which can be explained by the phenomena of the spoken language. These deviations
could exist already in the original text. Alternately, they could be inserted into one of
the early copies, most likely, in Yemen, before one of the later copies left South Arabia.
This assumption is based on the notion that, usually, in such cases, the foreign scholar-
ly tradition appears to be stricter than the local one on the issue of language purity.101
The following deviations are observed in the manuscript:

1) The loss of a proper case-ending. Direct and objective cases are used voluntarily:
ʿalā ḫālihī… Abū al-Qāsim (sheet 56a); balaġa ʿumruhū arbaʿūn(a) sana (sheet

101
I. J. Kratchkovsky, Daghestan et Yemen, 1937, p. 295.

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V. I. Belyaev Arabic manuscripts from Yemen in the collections of Tashkent

38a); ġālabahum faqran ṣāliḥīn (sheet 70a); fa-waǧadahū waladuhū Abā Bakr(in)
fa-raḥḥaba bihī (sheet 67b).
2) Wrong use of cases endings as a result of the loss of case inflections: raʾā yahūdī
rākiban (sheet 61a).
3) Improper agreement of the initial predicate with the following subject in dual
number, namely, the predicate also has the dual form.
4) The absence of agreement where necessary: a) of agreement between the verbal
predicate and the following subject in gender of the single-number form: kāna
baynahū wa-bayna al-faqīhi … ṣuḥba(tun) wa-mawadda(tun) (sheets 38b, 41b,
44b, 45a, 45b, 47b, etc. almost on every sheet); b) of agreement between a pro-
noun used as a subject with the following noun used as a predicate: wa-huwa
qalʿa(tun) ʿaẓīma(tun) šāhiqa(tun) (sheet 42b); c) of agreement between the
predicate of a dependent, relative clause and the subject of an independent
clause: wa-hiya ǧiha(tun) yuḥāḏī Wādī Zabīd (sheet 76a).
5) Improper agreement between the number 1, 2 with the countable names ( ‫س نه‬
‫ س نه احد‬،‫—)اثنني‬very often.
It is only once that the author intentionally stresses the use of a dialect form of the
people of the mountainous part of Yemen in the text, providing a broad explanation of
the phenomenon (sheet 37b).

[104][Specifics of writing]
With respect to the specifics of orthography, the manuscript notably splits into two
parts. The following characteristics are to be mentioned:

1) in the first part, alif mamdūda is always written without hamza, and very sel-
dom—with madda above alif; in the second part of the manuscript, hamza is
always in its place;
2) sometimes, madda is written above the letter yāʾ to mark the long vowel ī at the
end of the word;
3) alif maqṣūra is represented by the usual alif, though in the notes on pronuncia-
َ ‫;)الـتُـ‬
tion (ḍabṭ) is clearly stated: “there is alif maqṣūra at the end” (e. g. ‫حـيْـتَـا‬
4) final yāʾ is constantly written with two dots below the letter; because of this,
sometimes even yāʾ serving for alif maqṣūra goes with dots;
5) scriptio defectiva is applied constantly for names such as: ،‫ امسعيل‬،‫ داود‬،‫سفني‬
‫ احسق‬،‫;ابرهمي‬
6) dots above tāʾ marbūṭa are always missing in the first part and are used seldom
in the second part;
7) medial hamza is never used—it is always replaced with yāʾ (with dots), e. g.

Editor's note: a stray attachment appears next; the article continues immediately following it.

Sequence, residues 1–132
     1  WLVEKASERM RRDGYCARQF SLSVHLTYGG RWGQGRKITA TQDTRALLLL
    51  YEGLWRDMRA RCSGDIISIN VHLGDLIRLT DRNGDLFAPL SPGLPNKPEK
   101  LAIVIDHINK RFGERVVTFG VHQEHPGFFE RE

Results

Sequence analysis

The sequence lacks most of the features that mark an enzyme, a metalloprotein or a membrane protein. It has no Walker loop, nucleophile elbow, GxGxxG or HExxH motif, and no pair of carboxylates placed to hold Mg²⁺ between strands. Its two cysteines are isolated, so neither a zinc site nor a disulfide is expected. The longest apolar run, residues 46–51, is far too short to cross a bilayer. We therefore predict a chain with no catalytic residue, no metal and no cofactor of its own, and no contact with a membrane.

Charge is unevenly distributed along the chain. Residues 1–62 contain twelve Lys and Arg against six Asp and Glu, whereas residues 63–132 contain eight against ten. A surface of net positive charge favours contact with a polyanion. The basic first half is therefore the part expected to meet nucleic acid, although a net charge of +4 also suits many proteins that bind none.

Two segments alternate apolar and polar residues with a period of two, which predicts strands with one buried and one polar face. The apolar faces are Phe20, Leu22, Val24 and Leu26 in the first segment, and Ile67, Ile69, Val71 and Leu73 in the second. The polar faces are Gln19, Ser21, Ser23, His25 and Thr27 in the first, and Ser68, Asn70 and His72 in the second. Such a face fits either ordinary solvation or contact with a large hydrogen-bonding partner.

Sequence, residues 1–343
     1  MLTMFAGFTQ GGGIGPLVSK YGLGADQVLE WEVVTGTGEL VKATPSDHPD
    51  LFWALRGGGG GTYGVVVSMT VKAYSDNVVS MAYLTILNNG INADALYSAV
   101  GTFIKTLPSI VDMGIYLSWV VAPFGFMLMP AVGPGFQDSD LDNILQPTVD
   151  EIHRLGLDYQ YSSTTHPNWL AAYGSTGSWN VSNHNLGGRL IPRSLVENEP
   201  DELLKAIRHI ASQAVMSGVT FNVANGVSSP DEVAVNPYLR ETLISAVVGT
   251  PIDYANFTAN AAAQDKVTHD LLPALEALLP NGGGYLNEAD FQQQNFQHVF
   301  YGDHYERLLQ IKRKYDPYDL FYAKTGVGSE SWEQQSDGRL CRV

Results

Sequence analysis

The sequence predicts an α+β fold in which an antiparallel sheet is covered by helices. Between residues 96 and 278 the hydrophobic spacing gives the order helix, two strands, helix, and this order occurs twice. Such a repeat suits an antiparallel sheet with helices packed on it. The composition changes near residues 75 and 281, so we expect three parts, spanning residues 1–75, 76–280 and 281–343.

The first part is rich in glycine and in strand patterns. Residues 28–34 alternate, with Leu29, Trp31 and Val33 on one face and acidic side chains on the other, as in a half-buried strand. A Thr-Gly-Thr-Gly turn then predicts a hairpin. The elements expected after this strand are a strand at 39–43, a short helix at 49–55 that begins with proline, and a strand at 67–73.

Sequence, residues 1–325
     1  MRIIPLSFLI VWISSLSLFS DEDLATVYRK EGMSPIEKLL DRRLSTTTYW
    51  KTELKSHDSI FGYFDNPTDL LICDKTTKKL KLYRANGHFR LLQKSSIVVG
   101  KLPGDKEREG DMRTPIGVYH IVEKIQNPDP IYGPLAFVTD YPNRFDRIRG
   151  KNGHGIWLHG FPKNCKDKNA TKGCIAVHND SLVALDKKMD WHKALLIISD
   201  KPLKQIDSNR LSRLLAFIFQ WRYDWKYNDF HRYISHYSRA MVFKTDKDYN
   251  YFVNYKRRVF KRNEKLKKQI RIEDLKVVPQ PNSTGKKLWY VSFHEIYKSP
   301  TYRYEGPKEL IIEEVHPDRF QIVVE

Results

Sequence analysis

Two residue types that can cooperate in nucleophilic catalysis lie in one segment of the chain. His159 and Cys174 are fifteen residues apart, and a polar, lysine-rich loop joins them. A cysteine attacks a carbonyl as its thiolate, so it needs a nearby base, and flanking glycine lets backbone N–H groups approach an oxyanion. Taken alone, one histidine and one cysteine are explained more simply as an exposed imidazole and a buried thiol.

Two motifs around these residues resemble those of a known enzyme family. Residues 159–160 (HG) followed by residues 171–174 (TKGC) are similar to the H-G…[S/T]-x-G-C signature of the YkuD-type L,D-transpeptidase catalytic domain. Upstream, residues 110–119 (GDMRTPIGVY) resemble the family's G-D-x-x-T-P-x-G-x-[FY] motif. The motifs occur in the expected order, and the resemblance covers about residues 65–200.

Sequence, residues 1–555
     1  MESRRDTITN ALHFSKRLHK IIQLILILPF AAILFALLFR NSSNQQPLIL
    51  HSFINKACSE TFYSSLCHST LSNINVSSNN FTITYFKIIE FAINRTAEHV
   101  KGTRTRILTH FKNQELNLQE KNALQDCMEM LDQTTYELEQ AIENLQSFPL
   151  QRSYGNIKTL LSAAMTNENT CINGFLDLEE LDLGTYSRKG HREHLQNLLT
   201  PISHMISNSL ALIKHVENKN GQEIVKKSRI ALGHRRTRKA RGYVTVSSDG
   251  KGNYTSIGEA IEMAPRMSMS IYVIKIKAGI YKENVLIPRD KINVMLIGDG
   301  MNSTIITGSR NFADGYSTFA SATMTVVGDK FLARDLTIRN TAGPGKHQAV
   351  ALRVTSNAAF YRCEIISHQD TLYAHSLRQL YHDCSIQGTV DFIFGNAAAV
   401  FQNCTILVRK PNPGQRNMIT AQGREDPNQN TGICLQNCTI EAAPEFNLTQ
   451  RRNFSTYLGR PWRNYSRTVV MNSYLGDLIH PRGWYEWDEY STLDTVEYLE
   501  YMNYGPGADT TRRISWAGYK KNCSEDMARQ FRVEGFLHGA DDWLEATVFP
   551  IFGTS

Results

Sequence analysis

‫ مخساميه‬،‫;زايد‬
8) tanwīn al-fatḥ is always marked in writing;

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V. I. Belyaev Arabic manuscripts from Yemen in the collections of Tashkent

9) the word ‫ابن‬ between the names of son and father, if appears at the beginning
of a new line, may be written without alif;
10) a word preceded by the conjunction wa (“and”) may appear at the beginning of
a new line separately from the conjunction left at the end of the previous line;
11) alif al-wiqāya is often used improperly: as it is used after wāw in plural verbal
forms (third-person plural forms of the perfect; third-person plural forms in the
conditional and subjunctive moods of the imperfect), it may be used with any
other final wāw—a phenomenon which is very typical for manuscripts: ‫ويدعوا هلم‬
(sheet 68a), ‫( ذوا الانفاس‬sheet 70b).

[105][Paper and ink]


The text is written on thin Indian paper with black ink. The name of each person,
when it serves as a title for his biography, is written in cinnabar.

[106][Script]
The copy was made by two copyists: the text on sheets 1–62 is performed in a smaller
and thinner handwriting; on sheets 63–92—with larger and more round letters. Both
scripts are the Indian nasḫ. In the first part, diacritical punctuation is sporadic. In the
second part it is much more frequent. Vocalisation is extremely seldom in both
parts—for some words only, without an explainable principle. In the first part, the text
is organised in 21 lines on the page. In the second part—19 lines on the page.

[107][Margins of pages]
The margins are not wide, with occasional corrections and insertions of missing
words. Insertions are made on the margins in order not to break the left line of the
text. Next to each biography, on the margins, there is a letter ‫ف‬, stretched and written
without dot. Most likely, it serves for an easier orientation within the text. On sheets
28b and 29a, two biographies are added on the margins. They are placed diagonally,
with its side to the main text. They were added to the manuscript later than the copy
had been accomplished, written by a third person. The text of these marginal addi-
tions is slightly defective because of how edging of the sheets was made for binding
them. In the lower part of the sheets, there are catchwords.

[108][Date & placee of the copy]


Judging by palaeographic data, the copy was made in the 10th/14th century, in North-
ern India.

[109][Pagination; paper of additional pages]